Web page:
While the Space Force would need congressional approval, President Trump could establish a command, which Pence said at a speech at the Kennedy Space Center in Florida would be led by a four-star general and consolidate the 18,000 military and civilian personnel who work on national security issues in space.
The announcement follows a speech in August in which Pence had said the White House would push to stand up a command by the end of the year to help it fight war in space the way the Indo-Pacific Command oversees those regions.
For years, lawmakers and Pentagon officials have been increasingly concerned with actions by the Russians and Chinese targeting sensitive United States satellites. The United States military is dependent on a network of orbiting spacecraft that perform all sorts of essential functions, including missile warning, GPS and guiding precision munitions, communication and even spying.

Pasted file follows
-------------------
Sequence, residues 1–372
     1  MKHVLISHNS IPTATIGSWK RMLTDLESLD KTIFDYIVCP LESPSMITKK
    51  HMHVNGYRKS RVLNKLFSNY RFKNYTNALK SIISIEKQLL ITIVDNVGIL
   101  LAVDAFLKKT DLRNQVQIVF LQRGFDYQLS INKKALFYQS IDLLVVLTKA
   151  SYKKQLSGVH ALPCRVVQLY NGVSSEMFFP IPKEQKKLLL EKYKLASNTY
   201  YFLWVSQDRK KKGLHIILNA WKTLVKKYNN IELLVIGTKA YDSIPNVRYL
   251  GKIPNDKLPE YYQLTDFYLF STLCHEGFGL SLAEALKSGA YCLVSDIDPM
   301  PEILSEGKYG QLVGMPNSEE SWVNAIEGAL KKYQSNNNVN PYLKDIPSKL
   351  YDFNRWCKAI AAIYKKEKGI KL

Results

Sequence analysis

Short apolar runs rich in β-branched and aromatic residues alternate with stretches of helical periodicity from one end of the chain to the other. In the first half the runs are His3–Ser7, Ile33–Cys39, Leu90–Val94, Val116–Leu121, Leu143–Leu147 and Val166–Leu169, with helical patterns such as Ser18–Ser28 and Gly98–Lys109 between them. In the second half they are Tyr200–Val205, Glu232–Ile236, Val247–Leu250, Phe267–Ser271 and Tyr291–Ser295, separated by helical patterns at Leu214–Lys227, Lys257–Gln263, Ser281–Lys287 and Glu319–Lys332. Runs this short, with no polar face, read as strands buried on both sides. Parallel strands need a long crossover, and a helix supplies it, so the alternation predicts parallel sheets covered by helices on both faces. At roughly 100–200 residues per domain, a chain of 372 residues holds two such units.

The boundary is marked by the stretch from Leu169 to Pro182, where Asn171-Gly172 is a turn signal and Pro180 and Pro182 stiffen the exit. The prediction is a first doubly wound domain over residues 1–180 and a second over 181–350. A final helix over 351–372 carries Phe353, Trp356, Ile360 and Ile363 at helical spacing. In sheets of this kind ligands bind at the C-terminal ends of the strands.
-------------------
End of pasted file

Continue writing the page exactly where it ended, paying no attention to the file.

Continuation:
But many of those satellites were put up at a time when space was considered a peaceful domain. In recent years, however, potential adversaries have demonstrated an ability to take them out with missiles or to jam with an array of technologies including lasers.
To combat those advancements, Pence said the United States needs to act quickly to ensure that “American national security is as dominant in space as it is on Earth.”
The new combatant command would be the Pentagon’s 11th, sitting alongside those that oversee geographic regions, such as Europe and operations, such as the Special Forces. Pence said that the White House has been working with Congress on legislation to stand up a full Space Force by the end of 2020. But it unclear whether that proposal has enough support to pass.
Air Force Secretary Heather Wilson has said it would cost as much as $13 billion to establish a new branch of the military. But other estimates, including from Deputy Defense Secretary Patrick Shanahan, have said it would cost far less, even below $5 billion.